Our last stop was for a tour of the Sydney Opera House. The story of its building is long and complicated, but basically this design was chosen from a worldwide competition after initially being rejected. No one knew how to make a building with this design actually stand up, but after a lot of experimentation the original architect hit on the idea of using sections of a sphere for the sail-like structures & that turned out to be the breakthrough. It ran way over budget (doesn’t everything?) which led to the original architect being ousted from the project, & he never saw the building in person, though there was some reconciliation before he died.
We visited the major performance spaces. Best was the Concert Hall, huge & beautiful with outstanding acoustics. Our guide said there are no bad seats here, so you may as well buy the cheapest ones. There are also seats behind the orchestra on stage. Above the stage is a series of large hanging discs. These are raised and lowered to improve the acoustics for the performers: low for a string quartet & high for an orchestra, for example. And in the middle is a huge pipe organ, with several thousand more pipes behind that you cannot see, from small enough to hold in your hand to several stories tall. Quite impressive.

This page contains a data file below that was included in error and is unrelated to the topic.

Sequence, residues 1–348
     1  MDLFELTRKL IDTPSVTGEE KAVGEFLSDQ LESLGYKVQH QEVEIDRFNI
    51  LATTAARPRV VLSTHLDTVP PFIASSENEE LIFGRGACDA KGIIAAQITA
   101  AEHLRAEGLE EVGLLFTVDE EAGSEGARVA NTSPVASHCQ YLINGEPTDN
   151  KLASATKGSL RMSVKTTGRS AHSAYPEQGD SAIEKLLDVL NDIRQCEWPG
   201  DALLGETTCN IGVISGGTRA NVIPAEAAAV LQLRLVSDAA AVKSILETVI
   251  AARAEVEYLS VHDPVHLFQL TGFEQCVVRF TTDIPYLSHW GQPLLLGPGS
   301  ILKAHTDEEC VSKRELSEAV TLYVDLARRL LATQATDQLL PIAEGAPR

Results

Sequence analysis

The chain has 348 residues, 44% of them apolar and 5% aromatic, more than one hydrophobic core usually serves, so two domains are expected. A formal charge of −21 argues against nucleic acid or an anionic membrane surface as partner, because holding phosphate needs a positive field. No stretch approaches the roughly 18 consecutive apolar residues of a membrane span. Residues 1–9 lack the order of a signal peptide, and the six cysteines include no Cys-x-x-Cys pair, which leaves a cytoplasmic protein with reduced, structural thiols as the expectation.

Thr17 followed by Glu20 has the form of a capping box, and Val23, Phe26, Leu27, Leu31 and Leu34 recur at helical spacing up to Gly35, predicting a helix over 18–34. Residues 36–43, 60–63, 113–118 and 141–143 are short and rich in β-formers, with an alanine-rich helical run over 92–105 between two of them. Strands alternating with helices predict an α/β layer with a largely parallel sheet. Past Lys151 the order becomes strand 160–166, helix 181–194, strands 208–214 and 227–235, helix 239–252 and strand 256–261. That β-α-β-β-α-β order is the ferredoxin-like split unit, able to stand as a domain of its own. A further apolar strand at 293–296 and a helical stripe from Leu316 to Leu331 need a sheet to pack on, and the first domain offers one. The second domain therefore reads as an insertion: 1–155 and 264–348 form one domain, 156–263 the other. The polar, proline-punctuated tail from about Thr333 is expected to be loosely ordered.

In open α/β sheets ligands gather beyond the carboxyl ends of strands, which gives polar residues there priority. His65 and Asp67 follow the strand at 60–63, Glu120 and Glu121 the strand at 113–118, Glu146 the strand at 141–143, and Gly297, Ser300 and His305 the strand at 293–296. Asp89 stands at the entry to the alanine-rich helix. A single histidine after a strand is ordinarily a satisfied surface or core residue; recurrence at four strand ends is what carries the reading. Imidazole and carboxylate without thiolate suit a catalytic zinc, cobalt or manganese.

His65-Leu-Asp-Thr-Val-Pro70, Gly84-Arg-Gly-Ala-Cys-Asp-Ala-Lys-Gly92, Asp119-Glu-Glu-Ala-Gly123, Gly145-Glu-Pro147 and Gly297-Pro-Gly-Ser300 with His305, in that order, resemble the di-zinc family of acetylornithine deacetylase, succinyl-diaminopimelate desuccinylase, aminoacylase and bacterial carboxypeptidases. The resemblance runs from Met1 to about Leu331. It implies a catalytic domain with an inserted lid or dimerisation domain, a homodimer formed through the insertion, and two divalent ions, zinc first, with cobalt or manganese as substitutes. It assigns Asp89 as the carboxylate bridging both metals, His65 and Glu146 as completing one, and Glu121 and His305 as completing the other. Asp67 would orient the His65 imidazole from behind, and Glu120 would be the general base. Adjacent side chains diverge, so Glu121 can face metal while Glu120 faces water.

That night we went with another couple to an opera in the Opera House. Originally operas were expected to be staged in the concert hall, but that didn’t work out (can’t remember why), so another smaller space was converted into an opera stage. The orchestra is beneath the stage with the conductor standing up through an open space in front; there are TV monitors so that orchestra members can see what he is doing above his knees. The opera was Rossini’s Barber of Seville, and it was fabulous. They played it for laughs, & the biggest joke was all of these magnificent voices in the service of low comedy. In the other performance venue was a show called Blanc en Blanc. A number of other passengers attended this cabaret style show, complete with hot tub & full frontal nudity. Sadly, there was no nudity in Barber of Seville.
We made it back to the ship late, but it was a lovely night so we went up to the top deck for some final photos from a very full day. And we weren’t through with Sydney yet.